Ca++ ~= (0.72*186)/2.4973
Ca++ ~= 53.6 mg/L
Mg++ ~= (0.28*186)/4.118
Mg++ ~= 12.6 mg/L

Our educated guess as derived from only total hardness is thus: Ca = 53.6 mg/L (ppm), and Mg = 12.6 mg/L (ppm)

*Note: You may find it necessary to convert Total Hardness as seen on your report from other 'units' to mg/L (ppm) 'units' first, before applying these simple (highlighted in black above) formulas.
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Is the purpose of the spreadsheet making sense now?

Well, yes. Partially anyway. If your Ca/Mg numbers are in odd units (i.e. "as CaCO3") or not directly reported at all (Ca), of course you have to convert/compute them. But...a computed alkalinity estimate of 25.01mg/l instead of a reported average of 25.42mg/l? Is there a recipe where the predicted mash pH moves by even 0.01 as a result of that difference?

I'm starting to suspect that "academic exercise" may be a part of your motivation for this, and there's nothing wrong with that. I admit I could be wrong.
I'm starting to suspect that "academic exercise" may be a part of your motivation for this, and there's nothing wrong with that.
I was going to vehemently deny that, but ... you might be right? I'm trying to stuff me head with academic stuff that it abruptly emptied itself of a few years ago. And thanks for picking out:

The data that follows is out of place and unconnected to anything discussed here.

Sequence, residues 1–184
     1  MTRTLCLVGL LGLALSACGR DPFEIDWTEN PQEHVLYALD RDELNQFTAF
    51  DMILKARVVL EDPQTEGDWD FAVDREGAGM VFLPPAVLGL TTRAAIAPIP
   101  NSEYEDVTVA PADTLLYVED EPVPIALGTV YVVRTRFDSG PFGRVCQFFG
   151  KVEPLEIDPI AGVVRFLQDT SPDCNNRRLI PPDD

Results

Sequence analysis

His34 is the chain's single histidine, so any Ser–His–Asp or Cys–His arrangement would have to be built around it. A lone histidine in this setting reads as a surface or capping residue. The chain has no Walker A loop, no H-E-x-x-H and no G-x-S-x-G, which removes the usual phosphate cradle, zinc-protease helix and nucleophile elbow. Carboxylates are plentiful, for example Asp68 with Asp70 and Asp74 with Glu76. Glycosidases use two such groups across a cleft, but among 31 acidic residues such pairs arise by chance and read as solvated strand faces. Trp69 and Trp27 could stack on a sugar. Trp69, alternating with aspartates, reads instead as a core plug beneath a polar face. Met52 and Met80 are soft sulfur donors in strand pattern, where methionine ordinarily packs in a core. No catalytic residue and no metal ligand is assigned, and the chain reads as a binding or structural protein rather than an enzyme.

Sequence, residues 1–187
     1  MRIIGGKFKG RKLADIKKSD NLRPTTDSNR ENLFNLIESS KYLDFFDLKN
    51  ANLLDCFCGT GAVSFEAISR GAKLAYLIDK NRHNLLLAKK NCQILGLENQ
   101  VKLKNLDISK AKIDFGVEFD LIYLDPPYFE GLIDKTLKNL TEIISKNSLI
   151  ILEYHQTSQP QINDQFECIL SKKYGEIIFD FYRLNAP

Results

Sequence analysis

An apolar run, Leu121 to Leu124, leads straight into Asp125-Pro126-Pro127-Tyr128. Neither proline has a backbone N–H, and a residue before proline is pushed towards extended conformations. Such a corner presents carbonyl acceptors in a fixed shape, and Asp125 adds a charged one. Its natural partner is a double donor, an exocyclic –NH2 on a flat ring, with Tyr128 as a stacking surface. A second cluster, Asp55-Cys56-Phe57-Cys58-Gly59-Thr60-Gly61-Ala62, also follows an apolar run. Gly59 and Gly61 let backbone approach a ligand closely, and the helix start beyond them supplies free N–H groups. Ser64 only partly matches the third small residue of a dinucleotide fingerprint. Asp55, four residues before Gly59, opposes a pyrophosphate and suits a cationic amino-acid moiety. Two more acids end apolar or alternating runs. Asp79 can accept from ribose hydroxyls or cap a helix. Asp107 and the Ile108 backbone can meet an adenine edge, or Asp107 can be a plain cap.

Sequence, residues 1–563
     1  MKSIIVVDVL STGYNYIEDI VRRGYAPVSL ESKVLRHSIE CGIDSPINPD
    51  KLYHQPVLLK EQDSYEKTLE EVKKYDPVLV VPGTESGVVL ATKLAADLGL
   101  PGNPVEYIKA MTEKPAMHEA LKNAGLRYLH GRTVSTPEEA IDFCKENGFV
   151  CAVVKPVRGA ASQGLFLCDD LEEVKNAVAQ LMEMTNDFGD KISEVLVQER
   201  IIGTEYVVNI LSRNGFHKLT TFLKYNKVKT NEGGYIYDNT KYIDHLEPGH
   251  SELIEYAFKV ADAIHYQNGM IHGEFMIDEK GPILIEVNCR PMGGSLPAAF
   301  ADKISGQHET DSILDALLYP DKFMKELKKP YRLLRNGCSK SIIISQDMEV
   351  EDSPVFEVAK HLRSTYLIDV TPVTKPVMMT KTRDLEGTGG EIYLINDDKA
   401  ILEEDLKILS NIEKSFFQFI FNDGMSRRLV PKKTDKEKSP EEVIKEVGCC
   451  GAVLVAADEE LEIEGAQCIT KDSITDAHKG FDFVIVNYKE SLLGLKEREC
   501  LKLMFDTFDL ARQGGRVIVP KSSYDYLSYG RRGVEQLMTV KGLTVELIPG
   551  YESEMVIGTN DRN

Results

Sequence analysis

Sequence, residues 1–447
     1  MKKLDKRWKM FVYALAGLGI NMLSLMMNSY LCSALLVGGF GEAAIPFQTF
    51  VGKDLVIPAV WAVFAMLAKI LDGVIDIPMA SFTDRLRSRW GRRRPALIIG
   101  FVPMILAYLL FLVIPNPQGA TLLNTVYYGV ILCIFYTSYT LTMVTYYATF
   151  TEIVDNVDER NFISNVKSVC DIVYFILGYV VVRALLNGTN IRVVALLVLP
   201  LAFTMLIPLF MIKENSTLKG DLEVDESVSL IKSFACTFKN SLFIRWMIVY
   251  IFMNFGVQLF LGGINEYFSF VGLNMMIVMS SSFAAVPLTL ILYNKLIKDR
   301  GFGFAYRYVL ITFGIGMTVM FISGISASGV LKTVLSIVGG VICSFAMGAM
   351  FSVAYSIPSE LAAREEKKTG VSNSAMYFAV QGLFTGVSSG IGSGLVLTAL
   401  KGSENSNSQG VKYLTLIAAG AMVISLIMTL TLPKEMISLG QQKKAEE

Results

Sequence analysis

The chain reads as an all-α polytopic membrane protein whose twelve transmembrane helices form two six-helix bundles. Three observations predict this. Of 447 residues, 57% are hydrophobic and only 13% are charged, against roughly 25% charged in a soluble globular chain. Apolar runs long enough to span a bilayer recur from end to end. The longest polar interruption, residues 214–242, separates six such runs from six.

... a computed alkalinity estimate of 25.01mg/l instead of a reported average of 25.42mg/l?

... I'd forgotten I'd written that in this thread. Got me reviewing what I've said. Seems I'm doing a bit of repeating myself in this thread, but I think that's normal when getting older! But what I also said about those figures is instead of making me proud (what I calculated was virtually the same as what was reported), it made me suspicious! BTW, I draw a line at "parts-per-million" ... parts-per-billion (and fractions of ppm) is just "cloud-cuckoo-land".

But the overall motivation for doing this:

The original work was already done ... the "Defuddler" spreadsheet could fulfil its purpose of stripping a water report of all the junk it accumulates, the muddle of different units (some of which were imaginary), the confusion of mixing arcane methods into "new" (not that "new"!), the distortions created by Sodium salts even. It just put out the six ions (Ca, Mg, Na, SO4, Cl and HCO3) that any water calculator would be happy with.